Understanding Linux Security

Understanding Linux Security : /etc/passwd & /etc/shadow file

Security cycle

No system is complete without some form of security. There must be a mechanism available to protect files from unauthorized viewing or modification. The Linux system follows the Unix method of file permissions, allowing individual users and groups access to files based on a set of security settings for each file and directory.

Linux Security

Linux security

The core of the Linux security system is the user account . Each individual who accesses a Linux system should have a unique user account assigned. The permissions users have to objects on the system depend on the user account they log in with. User permissions are tracked using a user ID (often called a UID), which is assigned to an account when it’s created. The UID is a numerical value, unique for each user. However, you don’t log in to a Linux system using your UID. Instead, you use a login name . The login name is an alphanumeric text string of eight characters or fewer that the user uses to log in to the system (along with an associated password).

The Linux system uses special files and utilities to track and manage user accounts on the system.

The /etc/passwd File

The Linux system uses a special file to match the login name to a corresponding UID value. This file is the /etc/passwd file. The /etc/passwd file contains several pieces of information about the user. Here’s what a typical /etc/passwd file looks like on a Linux system:

 # cat /etc/passwd


The root user account is the administrator for the Linux system and is always assigned UID. As you can see, the Linux system creates lots of user accounts for various functions that aren’t actual users.

These are called system accounts . A system account is a special account that services running on the system use to gain access to resources on the system. All services that run in background mode need to be logged in to the Linux system under a system user account.

Before security became a big issue, these services often just logged in using the root user account. Unfortunately, if an unauthorized person broke into one of these services, he instantly gained access to the system as the root user. To prevent this, now just about every service that runs in background on a Linux server has its own user account to log in with. This way, if a troublemaker does compromise a service, he still can’t necessarily get access to the whole system.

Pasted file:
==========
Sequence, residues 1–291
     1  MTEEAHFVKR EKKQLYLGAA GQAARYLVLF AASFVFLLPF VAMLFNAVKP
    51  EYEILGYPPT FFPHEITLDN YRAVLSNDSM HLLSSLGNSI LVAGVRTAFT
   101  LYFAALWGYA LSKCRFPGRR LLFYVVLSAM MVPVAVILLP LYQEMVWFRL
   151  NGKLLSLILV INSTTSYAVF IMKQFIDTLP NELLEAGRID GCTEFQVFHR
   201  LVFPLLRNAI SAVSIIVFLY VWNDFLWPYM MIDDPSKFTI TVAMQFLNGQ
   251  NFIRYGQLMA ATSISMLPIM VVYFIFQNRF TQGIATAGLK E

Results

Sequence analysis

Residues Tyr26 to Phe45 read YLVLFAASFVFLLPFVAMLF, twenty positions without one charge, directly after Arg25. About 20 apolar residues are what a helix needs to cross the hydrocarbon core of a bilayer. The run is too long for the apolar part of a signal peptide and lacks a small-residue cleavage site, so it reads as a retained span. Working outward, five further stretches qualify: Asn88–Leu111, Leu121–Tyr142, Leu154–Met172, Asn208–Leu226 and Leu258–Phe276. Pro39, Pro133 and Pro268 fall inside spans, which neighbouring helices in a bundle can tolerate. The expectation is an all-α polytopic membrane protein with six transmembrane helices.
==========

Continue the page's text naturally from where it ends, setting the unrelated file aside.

Linux reserves UIDs below 500 for system accounts. Some services even require specific UIDs to work properly. When you create accounts for normal users, most Linux systems assign the first available UID starting at 500 (although this is not necessarily true for all Linux distributions). Probably noticed that the /etc/passwd file contains lots more than just the login name and UID for the user.

The fields of the /etc/passwd file contain the following information:

  • The login username
  • The password for the user
  • The numerical UID of the user account
  • The numerical group ID (GID) of the user account
  • A text description of the user account (called the comment field)
  • The location of the HOME directory for the user
  • The default shell for the user


sudo command – Linux



The sudo command offers another approach to giving users administrative access. When trusted users precede an administrative command with sudo, they are prompted for their own password. Then, when they have been authenticated and assuming that the command is permitted, the administrative command is executed as if they were the root user.

The basic format of the sudo command is as follows:

 sudo <command>

In the above example, <command> would be replaced by a command normally reserved for the root user, such as mount.

The sudo command allows for a high degree of flexibility. For instance, only users listed in the /etc/sudoers configuration file are allowed to use the sudo command and the command is executed in the user’s shell, not a root shell. This means the root shell can be completely disabled  in the Red Hat Enterprise Linux / CentOS / Fedora / Ubuntu.

Each successful authentication using the sudo is logged to the file /var/log/messages and the command issued along with the issuer’s username is logged to the file /var/log/secure. Should you require additional logging, use the pam_tty_audit module to enable TTY auditing for specified users by adding the following line to your /etc/pam.d/system-auth file:

 session required pam_tty_audit.so disable=<pattern> enable=<pattern>